Matthew Fox, nominated in 2006 for a Golden Globe and in 2010 for an Emmy for his portrayal of Dr. Jack Shephard on the hugely successful and still beloved supernatural series “Lost,” chose to live quietly with his family outside the hullabaloo of Hollywood in a custom-built contemporary residence inside the gates of a private enclave at the prosperous western outskirts of sleepy Bend, Ore, that, as was first sussed out by our celebrity property gossip pals at Realtor.com, is now up for sale at $4 million.
A tightly grouped, asymmetrical assemblage of wedge-shaped pavilions linked by glass-walled passages on more than ten, scrubby meadow-esque acres with spectacular views of the Cascade Mountain Range, the solar-powered home stands in crisply rendered, clean lined elegance against the rugged Central Oregon landscape with four bedrooms and 4.5 bathrooms in 4,175-square-feet.
The Columbia-educated actor, who told the Daily Mail back in 2011 that he often hates acting and, hence, has perhaps not so surprisingly maintained a low professional profile the last few years — he hasn’t appeared on TV or in a movie since the critically approved but little seen 2015 cannibalistic western thriller “Bone Tomahawk,” purchased the property for an unknown amount in the summer of 2008. According to property records, the house was completed the following year.
Expansive white walls highlight a colorful collection of artworks throughout the airy, light-filled open-plan interior spaces that feature radiant heated concrete floors, exposed, industrial-style duct work and vaulted ceilings that soar to 22-feet with entire walls of glass fitted with remote-controlled automated sunshades. Separated by a double-sided fireplace, the combination living and dining space spills out one side through a tremendous, trapezoidal expanse of glass to a deep, shaded loggia and is open on its opposite end to a minimalist kitchen arranged around a huge, doublewide center island with snow-white imported Italian cabinetry, smooth concrete countertops, sleek stainless steel appliances and a handy-dandy walk-in pantry.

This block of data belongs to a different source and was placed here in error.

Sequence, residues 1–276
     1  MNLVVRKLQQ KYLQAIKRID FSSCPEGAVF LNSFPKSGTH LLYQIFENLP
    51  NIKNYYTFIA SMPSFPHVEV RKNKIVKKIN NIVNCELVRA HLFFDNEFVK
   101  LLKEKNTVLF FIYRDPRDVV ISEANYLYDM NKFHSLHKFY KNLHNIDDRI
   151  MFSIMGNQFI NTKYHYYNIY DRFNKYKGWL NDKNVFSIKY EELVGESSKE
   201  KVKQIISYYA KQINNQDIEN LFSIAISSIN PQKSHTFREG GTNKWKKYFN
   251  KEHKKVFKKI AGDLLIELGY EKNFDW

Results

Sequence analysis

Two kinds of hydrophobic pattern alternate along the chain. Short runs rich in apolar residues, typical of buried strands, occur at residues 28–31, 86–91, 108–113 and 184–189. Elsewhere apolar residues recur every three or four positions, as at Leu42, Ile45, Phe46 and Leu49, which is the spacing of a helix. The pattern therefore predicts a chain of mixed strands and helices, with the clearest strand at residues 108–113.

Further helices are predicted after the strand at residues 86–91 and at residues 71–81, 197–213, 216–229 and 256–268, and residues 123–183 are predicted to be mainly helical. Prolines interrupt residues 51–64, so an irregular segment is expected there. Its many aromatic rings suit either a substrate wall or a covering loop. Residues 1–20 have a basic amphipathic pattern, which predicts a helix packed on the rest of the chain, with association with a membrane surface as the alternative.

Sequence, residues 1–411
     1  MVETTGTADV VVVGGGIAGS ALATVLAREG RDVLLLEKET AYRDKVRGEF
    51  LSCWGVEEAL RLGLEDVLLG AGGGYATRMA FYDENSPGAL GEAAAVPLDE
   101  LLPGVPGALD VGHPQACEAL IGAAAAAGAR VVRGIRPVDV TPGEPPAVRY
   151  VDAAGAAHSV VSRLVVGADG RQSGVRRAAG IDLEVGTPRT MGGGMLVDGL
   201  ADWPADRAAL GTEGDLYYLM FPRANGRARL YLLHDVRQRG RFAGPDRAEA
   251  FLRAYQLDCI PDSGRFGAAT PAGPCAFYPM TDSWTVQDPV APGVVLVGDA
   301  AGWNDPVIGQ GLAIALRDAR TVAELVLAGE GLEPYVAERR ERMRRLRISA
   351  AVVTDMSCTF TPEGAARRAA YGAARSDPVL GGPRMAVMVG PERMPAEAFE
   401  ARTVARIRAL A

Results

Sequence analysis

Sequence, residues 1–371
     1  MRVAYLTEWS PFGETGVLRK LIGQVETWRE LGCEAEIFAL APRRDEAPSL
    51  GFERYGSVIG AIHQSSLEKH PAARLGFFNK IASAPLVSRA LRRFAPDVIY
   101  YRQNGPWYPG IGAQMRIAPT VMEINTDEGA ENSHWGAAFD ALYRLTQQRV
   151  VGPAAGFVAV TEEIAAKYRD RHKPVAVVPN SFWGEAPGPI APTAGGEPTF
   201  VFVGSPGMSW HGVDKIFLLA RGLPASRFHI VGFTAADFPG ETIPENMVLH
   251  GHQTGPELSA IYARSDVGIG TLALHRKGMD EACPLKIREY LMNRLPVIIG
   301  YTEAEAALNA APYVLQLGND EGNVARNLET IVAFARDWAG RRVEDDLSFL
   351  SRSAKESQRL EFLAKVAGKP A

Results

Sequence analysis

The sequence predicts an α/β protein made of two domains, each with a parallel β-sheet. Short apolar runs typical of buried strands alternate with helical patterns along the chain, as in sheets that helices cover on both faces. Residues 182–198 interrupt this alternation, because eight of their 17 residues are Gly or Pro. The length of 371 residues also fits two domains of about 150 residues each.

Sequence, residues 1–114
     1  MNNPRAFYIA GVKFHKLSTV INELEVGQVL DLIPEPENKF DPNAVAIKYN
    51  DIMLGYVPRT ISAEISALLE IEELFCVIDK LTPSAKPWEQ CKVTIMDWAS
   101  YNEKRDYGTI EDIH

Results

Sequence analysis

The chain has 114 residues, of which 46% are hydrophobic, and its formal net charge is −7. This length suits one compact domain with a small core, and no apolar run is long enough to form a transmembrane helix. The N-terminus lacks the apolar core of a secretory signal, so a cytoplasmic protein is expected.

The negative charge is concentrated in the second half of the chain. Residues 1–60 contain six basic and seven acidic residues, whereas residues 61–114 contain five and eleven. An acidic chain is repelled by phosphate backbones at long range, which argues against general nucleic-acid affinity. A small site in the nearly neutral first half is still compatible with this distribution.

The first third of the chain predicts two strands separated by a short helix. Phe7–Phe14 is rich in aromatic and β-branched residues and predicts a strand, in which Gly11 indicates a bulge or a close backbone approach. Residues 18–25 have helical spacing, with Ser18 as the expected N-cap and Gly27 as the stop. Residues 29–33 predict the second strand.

One of the guest or family bedrooms has a built-in desk adorned with Banksy stencils on the walls, another has a stand-up loft and another was used as a music studio while the master bedroom has a huge flat-screen television that rises up out of the floor on a hydraulic lift at the touch of a button and a bathtub boldly positioned in front of a solid wall of glass with serene, open views over the high-desert landscape.
Fox, who flies his own airplane he keeps in a nearby hangar, owns another, smaller and decidedly more architecturally traditional home in a private community not even 2.5 miles away he picked up in the spring of 2009 for an unrecorded amount and he previously owned a 1927 Spanish villa six short blocks from the sand in Manhattan Beach, Calif., he acquired for $880,000 in 1999 — near the tail end of his career-making six-season run as Charlie Salinger on “Party of Five” — and sold in 2012 for $1.875 million. (FYI: The house has been razed and replaced with a glass-walled three-story contemporary that looks like could just as easily be a high-end cosmetic dentistry office as a private residence.)
Listing photos: Hassan Company